This spring I read an article about the life of expats, focusing on a Swedish diplomat life’s in Bucharest. Instantly I felt a connection with Alexander Peyre, as we have similar views on the city, and I reached out to him on Facebook. We met personally only a few months later, over a cup of ice coffee in Herastrau Park, and we exchanged lots of ideas about Bucharest’s identity and charm.
First memories about Bucharest
Alexander’s first visit to Bucharest dates back to 2004, when he came as a tourist. He remembers the number of old Dacias on the streets, and the premiere of the then brand new Dacia Logan. Almost a decade later, Alexander Peyre returned to Bucharest as a diplomat at the Swedish Embassy in Romania. He now loves to discover off-the-beaten-path city’s quarters, acting just like a local.
Alexander prefers to explore Bucharest by bike, but also uses it for work. He considers that Bucharest has changed to the better when it comes to the everyday use of bikes. He remembers surprised faces when arriving and using the bike while wearing a suit. “Some were surprised, and even stopped to take pictures of me. In just two years, its more common seeing people using their bikes for work, and nobody stops to stare at them”, says Alexander with a smile on his face.
To be honest, I stared a little bit when he told me about one of his most recent urban adventures on a bike. Alexander had the courage to explore the Old Town on a bike on a Saturday, an experience I wouldn’t even think of for one second, let alone try. “It took me more than an hour to complete the tour”.
From Obor Market to Eden Garden
I was curious to know where Alexander loves to go out, or what his recommendations would be for those visiting the city for the first time, so I asked him to unveil some of his favourite places in Bucharest.
“I love Obor Market, and I often take foreign visitors or even locals to discover this super nice market. The most modern cities in the world set up local markets, even in the heart of Manhattan you see local farmers selling their products, here you have it by nature”, says Alexander.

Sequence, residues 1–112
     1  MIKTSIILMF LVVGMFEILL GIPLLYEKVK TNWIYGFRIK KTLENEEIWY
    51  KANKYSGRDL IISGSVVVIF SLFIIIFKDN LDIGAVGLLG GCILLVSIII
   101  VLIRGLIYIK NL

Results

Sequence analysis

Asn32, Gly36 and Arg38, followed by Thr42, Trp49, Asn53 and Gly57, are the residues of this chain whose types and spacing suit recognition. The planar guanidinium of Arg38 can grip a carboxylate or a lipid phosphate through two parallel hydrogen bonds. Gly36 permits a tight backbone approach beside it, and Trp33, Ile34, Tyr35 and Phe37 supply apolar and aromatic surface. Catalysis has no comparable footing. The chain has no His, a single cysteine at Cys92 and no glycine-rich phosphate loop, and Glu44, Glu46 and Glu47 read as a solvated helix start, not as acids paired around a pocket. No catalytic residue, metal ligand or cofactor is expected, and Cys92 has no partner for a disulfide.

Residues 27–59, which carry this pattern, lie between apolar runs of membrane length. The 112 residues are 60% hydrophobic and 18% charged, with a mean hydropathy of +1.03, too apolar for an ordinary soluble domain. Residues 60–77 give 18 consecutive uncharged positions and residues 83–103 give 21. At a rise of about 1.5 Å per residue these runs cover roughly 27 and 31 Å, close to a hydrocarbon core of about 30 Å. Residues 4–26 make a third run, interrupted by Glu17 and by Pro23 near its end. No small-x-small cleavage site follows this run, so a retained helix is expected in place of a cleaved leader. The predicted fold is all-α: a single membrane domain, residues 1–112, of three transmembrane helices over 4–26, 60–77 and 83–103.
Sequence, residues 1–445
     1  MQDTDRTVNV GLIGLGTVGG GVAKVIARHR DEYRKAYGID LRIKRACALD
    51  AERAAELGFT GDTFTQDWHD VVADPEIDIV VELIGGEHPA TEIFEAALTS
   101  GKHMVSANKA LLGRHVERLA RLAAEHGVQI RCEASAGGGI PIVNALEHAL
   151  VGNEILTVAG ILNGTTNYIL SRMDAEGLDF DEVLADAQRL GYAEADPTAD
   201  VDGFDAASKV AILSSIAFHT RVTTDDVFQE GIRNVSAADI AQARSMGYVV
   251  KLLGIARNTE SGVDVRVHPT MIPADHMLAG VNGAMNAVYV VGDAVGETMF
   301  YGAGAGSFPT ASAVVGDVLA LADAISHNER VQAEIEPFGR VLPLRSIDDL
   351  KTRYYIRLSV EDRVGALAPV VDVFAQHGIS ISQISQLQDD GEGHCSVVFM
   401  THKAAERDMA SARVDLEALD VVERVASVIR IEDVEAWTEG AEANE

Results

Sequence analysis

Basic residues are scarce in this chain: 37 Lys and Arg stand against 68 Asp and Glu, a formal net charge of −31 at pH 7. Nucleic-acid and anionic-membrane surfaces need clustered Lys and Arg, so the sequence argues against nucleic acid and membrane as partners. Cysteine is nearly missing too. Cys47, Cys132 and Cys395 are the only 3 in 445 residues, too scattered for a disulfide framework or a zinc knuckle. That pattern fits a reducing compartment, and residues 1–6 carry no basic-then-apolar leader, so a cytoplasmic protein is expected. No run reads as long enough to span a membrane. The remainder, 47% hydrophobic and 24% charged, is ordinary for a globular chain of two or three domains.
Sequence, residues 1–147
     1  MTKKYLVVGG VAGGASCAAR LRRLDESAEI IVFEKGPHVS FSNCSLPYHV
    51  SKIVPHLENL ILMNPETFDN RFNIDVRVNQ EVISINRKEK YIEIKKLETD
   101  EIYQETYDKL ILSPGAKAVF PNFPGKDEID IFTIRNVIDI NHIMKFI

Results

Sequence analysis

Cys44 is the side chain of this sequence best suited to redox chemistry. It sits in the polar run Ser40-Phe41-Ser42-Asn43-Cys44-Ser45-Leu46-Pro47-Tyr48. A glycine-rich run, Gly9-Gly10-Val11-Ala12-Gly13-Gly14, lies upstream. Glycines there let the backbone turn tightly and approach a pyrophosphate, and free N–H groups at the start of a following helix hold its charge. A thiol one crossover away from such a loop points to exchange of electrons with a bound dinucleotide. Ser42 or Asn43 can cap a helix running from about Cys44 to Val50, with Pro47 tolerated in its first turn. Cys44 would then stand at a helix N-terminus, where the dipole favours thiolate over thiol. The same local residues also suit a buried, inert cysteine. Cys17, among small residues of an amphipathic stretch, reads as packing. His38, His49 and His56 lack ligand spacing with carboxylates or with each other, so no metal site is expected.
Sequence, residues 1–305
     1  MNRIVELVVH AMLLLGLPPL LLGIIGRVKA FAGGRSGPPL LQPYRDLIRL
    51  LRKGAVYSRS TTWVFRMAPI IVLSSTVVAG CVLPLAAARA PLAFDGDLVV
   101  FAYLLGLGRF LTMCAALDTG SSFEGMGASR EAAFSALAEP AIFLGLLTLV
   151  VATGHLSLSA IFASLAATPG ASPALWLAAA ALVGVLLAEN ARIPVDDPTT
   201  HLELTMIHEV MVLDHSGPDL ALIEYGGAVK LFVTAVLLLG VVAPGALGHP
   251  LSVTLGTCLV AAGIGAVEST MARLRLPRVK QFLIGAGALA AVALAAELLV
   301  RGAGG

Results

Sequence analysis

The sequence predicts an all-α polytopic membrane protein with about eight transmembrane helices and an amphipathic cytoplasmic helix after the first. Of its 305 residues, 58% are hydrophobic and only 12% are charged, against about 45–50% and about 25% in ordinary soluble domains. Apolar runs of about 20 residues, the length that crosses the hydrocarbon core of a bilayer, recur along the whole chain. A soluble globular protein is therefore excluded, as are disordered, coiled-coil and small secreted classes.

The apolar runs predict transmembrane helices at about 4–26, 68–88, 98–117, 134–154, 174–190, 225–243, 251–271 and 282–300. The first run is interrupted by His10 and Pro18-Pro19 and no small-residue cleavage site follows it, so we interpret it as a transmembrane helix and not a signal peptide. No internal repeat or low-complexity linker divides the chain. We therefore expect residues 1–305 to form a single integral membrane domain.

On the other hand, the Swedish diplomat is a great fan of the old cinemas of Bucharest. I have to confess that my last experience with an old state Romanian cinema is ancient history :). “I like to go to the old state cinemas, a painful but beautiful experience. Many of the cinemas are fantastic, but neglected buildings. It’s quite an adventure to sit in winter in a cinema without heating”, admits Alexander.
He’s also a tireless urban explorer, who loves to stroll along the small streets close to Unirii Boulevard and Alba Iulia Square, some of which are blessed survivors of Nicolae Ceausescu’s demolition spree. “I really love Anton Pann, Maximilian Popper, Vulturilor streets… Least, but not last I love to go out to Eden Garden, one of the most fantastic outdoor caffes in Europe, now in peril”, discloses Alexander.
Bucharest, in five words
I asked Alexander how he would describe Bucharest in just five words. “The beauty of unexpected asymmetry… I don’t know if that even exists… I love the contrasts of the city, the fact that I go on a street, and I don’t know what I’ll find”, says the Swedish diplomat.
Alexander also pointed out some daily aspects regarding the city that he would like to change for the better. The extended use of the cars in the central area of Bucharest, as well as the local authorities’ negligence when it comes to preserve the old architectural heritage of the city, are some of the biggest problems that Bucharest has to deal with.
“It’s sad to see that old beautiful houses are neglected, and it’s not getting better since I came here two years ago. Everybody speaks about how Ceausescu destroyed Uranus, but real estate developers continue destroying it. Not even the parks are protected. In all countries, there are speculators who want to destroy the old and build new, but then you have the good guys saying stop. You have the “counter-forces” protecting the old heritage… Here, you won’t see those forces so developed. You get the impression that you can practically build whatever you want, wherever you want. The current development in many European cities has been to banish cars from central areas, introducing toll systems or high parking fees. In Bucharest, you see lots and lots of cars, and people parking everywhere without getting a fine…”, concludes Alexander Peyre.